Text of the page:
Only 28% of recent graduates have been eligible to start repaying their student loans

Fewer than 28 per cent of recent graduates – the first batch to have paid up to £9,000 in fees – have started paying back their loans, meaning most are at risk of being put under financial pressure for life because they’re stuck in low-paying jobs.

According to new data from the Higher Education Statistics Agency (Hesa), as collated  by Vouchercloud as part of an investigation into student spending and finances, figures show that, with an average salary of £21,000, only half of the most recent cohort of graduates who entered full-time work immediately after their studies are paying any money back on their loan.

With many of 2015’s graduates still unemployed, working part-time, or continuing their studies, this leaves fewer than three in ten graduates, in total, earning enough to repay their student loan, the threshold for

The news has come weeks after the Hesa data showed over 50,000 new graduates to be in non-graduate jobs – including lollipop ladies, factory workers, and hospital porters – leading experts to question the value of costly university degrees in the Brexit climate.

The cap on tuition fees was lifted to £9,000 in 2012, with the benchmark for starting to repay loans rising from £17,495 to £21,000. Those who were undergraduates for three years completed their studies last summer, and have been eligible to make repayments as of April 2016.

Currently, some 75 per cent of universities charge the full £9,000 fees but, with the news this week that fees are increasing beyond this, many students are at risk of being left with their loan for even longer, particularly if they are paying off nothing or very little early on in their careers.

Government ministers themselves were seen to be questioning whether £9,000 tuition fee costs at some of the UK’s top universities could be justified given the “quality and intensity of teaching,” according to a leaked image of a private memo.

Paying back student loans looks set to become even more challenging since the Government froze the repayment threshold at £21,000 until at least 2020, despite originally promising to increase it with inflation. The move means more than two million graduates are being forced to pay back more than they had signed up for at the time they took their loan out, something MPs heavily criticised in a parliamentary debate.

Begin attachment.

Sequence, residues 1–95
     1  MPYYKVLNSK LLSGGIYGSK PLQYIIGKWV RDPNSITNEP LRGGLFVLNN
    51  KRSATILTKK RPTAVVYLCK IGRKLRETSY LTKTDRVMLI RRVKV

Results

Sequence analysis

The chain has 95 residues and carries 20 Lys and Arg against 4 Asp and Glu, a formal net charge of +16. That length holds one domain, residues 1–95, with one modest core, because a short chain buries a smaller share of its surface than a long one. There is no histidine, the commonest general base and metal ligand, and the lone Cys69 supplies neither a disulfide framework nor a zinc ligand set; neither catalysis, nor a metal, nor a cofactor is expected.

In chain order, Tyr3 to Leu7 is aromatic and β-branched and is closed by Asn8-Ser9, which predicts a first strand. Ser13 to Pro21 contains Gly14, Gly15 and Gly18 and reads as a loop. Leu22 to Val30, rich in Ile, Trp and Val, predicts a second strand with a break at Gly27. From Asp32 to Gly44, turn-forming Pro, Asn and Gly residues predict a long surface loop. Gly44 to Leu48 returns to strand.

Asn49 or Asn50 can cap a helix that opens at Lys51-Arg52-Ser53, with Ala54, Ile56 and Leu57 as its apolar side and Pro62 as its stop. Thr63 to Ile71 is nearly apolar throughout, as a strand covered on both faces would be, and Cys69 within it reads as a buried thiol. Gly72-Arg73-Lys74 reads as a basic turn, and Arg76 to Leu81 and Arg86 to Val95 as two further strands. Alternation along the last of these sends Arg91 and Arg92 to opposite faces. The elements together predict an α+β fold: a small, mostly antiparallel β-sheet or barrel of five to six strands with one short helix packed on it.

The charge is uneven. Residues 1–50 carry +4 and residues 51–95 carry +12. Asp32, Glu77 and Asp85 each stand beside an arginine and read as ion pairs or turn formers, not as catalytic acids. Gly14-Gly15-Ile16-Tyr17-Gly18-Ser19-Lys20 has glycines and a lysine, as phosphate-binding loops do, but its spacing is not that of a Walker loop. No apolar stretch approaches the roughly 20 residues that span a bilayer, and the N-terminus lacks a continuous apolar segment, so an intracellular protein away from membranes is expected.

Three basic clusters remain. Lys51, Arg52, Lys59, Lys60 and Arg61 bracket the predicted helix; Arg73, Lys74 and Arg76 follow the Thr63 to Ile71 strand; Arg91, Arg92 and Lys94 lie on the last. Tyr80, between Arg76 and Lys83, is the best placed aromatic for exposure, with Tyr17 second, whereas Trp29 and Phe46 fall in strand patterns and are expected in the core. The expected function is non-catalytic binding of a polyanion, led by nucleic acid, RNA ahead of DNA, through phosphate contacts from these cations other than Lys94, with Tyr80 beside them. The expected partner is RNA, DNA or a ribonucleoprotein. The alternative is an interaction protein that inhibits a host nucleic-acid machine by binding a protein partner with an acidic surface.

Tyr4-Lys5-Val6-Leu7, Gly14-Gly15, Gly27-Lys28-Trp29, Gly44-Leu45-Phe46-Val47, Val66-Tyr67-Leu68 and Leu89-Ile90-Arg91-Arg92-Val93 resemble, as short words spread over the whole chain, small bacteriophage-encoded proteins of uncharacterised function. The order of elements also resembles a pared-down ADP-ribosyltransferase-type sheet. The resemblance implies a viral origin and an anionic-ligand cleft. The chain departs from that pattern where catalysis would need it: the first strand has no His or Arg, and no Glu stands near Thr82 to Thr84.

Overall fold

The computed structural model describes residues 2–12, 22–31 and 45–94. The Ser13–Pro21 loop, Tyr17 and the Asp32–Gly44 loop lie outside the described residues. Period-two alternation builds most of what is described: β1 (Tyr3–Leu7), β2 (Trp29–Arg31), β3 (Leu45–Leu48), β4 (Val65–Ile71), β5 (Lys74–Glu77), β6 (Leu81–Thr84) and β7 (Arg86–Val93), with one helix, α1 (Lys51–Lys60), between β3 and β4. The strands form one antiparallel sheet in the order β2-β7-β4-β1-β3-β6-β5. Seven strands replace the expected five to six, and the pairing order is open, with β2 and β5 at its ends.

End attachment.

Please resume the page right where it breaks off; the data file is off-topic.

Consumer champion Martin Lewis, who has been fighting the retrospective loan hike, said the tuition fee rise is worrying for the continued potential impact it may have on those from a background with no history of going to university.

He said: “Most people will not pay more because of the increase in tuition fees. This is because repayments are set at nine per cent of everything earned above £21,000, meaning most people do not already repay what they borrowed plus interest in full over the 30 years before their loan wipes. Only very high earners – those on starting salaries of roughly £40,000 and above inflation rate pay rises – will actually see the amount they pay in total increase because of this rise.

“The sooner we change the name of this finance from the misnomer of ‘student loans’ into the more realistic ‘graduate contribution’, the sooner we stop risking scaring many people who should be going to university off going to university for the wrong reasons.”

Chris Johnson, head of affiliate operations at Vouchercloud, said: “There was a suspicion, in among the initial uproar, that almost the majority of students would not be paying off the entirety of their loan in their working lifetime when these changes kicked in. However, it’s still surprising to see just how few students have hit the threshold straight out of university.

“With stats from Hesa last year showing over 60,000 graduates were working non-professional roles after they graduated – and with similar numbers this year – there are many students who eventually could end up paying a fraction of the total cost of their degree, putting financial pressure on them for life, and resting them under a permanent cloud of debt.”

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